Senator GALLACHER: You've put them up as a submission. You haven't formally got a response to the submission from the ATO or Treasury?
Ms Payne: Our submission is to this committee.
Senator GALLACHER: So you're not likely to. Have you formally put it to both those two groups?
Mr Pengilley: The submission itself hasn't been formally put…
Senator PATRICK:…We've covered off on consultation. Just to be clear, since making your submission, no-one from Treasury has contacted you to talk to you about your concerns?
Ms Payne: No. I haven't checked my phone in the last hour, but no.
Following on from the consultation concerns is the status of the supporting legislative instruments and other documents. The IPA noted in their submission that these documents are yet to be finalised:
The bill refers to a legislative instrument that will determine whether a taxpayer can be subject to the new disclosure arrangements. In addition to the legislative instrument, the Australian Taxation Office (ATO) will shortly table their administrative approach to the disclosure of tax debt information to credit reporting bureaus (CRBs). At the time of writing, this document was not yet finalized; however, it will contain strict criteria that CRBs must adhere to under the reporting arrangement. The legislative instrument and the ATO administrative approach will be subject to separate consultation process.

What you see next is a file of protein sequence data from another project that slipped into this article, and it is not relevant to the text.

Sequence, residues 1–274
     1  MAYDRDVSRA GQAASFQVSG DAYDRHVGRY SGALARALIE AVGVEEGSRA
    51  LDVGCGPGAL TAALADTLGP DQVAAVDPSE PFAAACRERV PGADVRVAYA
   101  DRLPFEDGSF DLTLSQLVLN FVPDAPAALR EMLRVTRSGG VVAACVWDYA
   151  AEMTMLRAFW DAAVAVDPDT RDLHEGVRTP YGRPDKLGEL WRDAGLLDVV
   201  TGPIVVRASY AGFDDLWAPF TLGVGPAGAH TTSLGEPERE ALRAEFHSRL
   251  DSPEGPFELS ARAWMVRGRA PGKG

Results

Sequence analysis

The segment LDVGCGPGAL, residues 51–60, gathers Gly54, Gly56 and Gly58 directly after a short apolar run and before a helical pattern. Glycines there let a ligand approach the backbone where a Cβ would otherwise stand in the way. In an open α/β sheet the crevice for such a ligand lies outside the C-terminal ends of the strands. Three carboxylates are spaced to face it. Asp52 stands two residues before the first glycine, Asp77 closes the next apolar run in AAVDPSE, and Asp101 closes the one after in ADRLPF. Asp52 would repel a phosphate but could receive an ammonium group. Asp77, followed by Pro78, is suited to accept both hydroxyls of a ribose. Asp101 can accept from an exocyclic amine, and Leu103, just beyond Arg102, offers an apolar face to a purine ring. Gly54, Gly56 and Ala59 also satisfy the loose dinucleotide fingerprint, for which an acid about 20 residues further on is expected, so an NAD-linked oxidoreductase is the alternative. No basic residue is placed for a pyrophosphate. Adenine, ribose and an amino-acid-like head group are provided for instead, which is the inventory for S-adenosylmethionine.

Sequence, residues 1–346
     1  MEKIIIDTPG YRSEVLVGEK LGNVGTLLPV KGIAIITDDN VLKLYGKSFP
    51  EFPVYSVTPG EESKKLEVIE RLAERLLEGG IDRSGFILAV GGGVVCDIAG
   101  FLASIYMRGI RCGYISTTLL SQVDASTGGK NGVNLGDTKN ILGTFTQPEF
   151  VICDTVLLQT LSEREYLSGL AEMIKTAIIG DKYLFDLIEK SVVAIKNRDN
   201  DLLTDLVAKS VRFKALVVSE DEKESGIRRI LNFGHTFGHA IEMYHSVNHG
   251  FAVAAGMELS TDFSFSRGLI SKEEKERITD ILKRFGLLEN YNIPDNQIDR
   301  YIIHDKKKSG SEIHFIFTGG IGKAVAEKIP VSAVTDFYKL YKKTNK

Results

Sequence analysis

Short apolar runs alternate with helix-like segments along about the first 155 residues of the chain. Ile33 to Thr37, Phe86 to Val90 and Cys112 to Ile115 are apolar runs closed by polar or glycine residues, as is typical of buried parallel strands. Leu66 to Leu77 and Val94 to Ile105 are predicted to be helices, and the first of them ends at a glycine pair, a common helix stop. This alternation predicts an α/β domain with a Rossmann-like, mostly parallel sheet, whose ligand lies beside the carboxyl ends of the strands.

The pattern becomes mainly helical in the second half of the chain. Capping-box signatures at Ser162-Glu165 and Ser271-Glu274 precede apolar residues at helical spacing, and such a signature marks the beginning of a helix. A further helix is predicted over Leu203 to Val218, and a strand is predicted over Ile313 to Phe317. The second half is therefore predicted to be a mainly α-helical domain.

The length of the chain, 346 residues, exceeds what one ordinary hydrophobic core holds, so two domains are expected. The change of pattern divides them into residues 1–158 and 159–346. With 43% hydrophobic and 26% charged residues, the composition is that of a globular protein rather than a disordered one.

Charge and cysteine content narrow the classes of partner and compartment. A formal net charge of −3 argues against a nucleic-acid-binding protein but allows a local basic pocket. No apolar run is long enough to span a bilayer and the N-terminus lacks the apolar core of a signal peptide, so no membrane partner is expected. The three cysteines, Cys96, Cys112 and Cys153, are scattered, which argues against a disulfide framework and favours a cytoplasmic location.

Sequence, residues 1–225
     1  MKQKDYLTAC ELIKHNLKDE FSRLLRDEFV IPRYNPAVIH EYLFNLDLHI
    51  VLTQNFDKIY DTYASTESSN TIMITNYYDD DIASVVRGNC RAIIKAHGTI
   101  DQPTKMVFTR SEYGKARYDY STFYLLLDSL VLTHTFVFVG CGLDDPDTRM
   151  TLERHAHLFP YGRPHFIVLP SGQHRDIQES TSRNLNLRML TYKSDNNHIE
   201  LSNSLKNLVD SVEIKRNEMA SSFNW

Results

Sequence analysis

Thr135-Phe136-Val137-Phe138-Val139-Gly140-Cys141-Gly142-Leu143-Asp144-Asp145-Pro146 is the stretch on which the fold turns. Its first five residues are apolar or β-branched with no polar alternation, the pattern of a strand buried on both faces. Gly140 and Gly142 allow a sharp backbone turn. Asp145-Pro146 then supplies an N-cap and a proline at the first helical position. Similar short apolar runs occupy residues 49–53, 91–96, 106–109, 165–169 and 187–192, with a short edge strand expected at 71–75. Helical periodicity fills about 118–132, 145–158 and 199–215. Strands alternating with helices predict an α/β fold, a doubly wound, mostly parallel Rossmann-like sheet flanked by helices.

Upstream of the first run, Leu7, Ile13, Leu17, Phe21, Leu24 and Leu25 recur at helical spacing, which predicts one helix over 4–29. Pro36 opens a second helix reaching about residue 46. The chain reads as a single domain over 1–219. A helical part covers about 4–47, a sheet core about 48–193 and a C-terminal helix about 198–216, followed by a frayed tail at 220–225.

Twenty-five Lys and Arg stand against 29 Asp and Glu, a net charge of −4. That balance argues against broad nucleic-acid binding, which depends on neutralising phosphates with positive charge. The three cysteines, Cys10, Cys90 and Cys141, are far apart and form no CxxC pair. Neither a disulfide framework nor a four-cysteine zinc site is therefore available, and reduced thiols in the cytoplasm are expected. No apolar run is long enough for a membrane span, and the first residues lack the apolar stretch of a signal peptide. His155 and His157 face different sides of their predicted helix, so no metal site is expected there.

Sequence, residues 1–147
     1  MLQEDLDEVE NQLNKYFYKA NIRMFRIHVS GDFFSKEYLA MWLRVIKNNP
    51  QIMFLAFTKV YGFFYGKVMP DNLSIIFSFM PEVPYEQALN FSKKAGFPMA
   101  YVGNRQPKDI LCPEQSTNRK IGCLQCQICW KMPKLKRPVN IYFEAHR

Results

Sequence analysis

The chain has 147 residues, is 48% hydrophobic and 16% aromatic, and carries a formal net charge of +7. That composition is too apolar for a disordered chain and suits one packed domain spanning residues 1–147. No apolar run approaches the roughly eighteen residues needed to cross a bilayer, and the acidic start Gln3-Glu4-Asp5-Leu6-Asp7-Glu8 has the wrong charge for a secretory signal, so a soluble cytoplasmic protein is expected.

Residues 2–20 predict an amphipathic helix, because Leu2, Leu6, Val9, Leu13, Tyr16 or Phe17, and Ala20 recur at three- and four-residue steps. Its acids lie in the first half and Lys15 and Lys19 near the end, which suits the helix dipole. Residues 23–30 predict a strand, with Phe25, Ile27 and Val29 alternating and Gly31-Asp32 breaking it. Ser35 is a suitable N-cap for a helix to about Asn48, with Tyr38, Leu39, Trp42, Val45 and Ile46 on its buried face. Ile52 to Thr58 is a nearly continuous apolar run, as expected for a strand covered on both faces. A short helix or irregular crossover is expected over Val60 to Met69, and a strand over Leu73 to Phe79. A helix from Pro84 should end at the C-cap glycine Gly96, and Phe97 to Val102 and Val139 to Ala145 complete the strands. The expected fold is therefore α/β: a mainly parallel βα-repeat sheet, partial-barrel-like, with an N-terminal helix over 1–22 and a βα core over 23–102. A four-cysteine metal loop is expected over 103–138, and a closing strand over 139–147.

In response to the ATO's testimony, Senator Patrick opined:
You've put the cart before the horse in this instance because you're asking the parliament to pass legislation when you haven't settled on what the declaration will be that describes how it will be administered…you ask us to grant a power to the tax office without seeing those crucial elements of the legislation that sit underneath it.
If a large part of the administration of the bill is to be done through these mechanisms and they are incomplete prior to the bill being presented, then review of the bill by the committee and thus the Parliament is problematic.
It is apparent to the committee from the number of submitters who raised concerns and from the witness testimony received, that there are a number of issues that would benefit from greater clarity from Treasury and the ATO.
While the committee recognises the efforts of both organisations to engage with stakeholders through consultation, it notes the IGTO's recommendations which may have been able to be accommodated through closer collaboration had it occurred earlier.
The committee acknowledges that the standard practice of drafting legislative instruments is to follows the finalisation of a bill through Parliament. However, this leaves the committee process with limited opportunity to understand the interaction of the legislation and associated regulation.
The committee is concerned that the 21 day disclosure notification period could be inadequate and consideration should be given to for a longer notification period. Similarly, consideration could be given of the potential to notify appropriate intermediaries, such as tax agents, where circumstances allow (i.e. along with the taxpayer).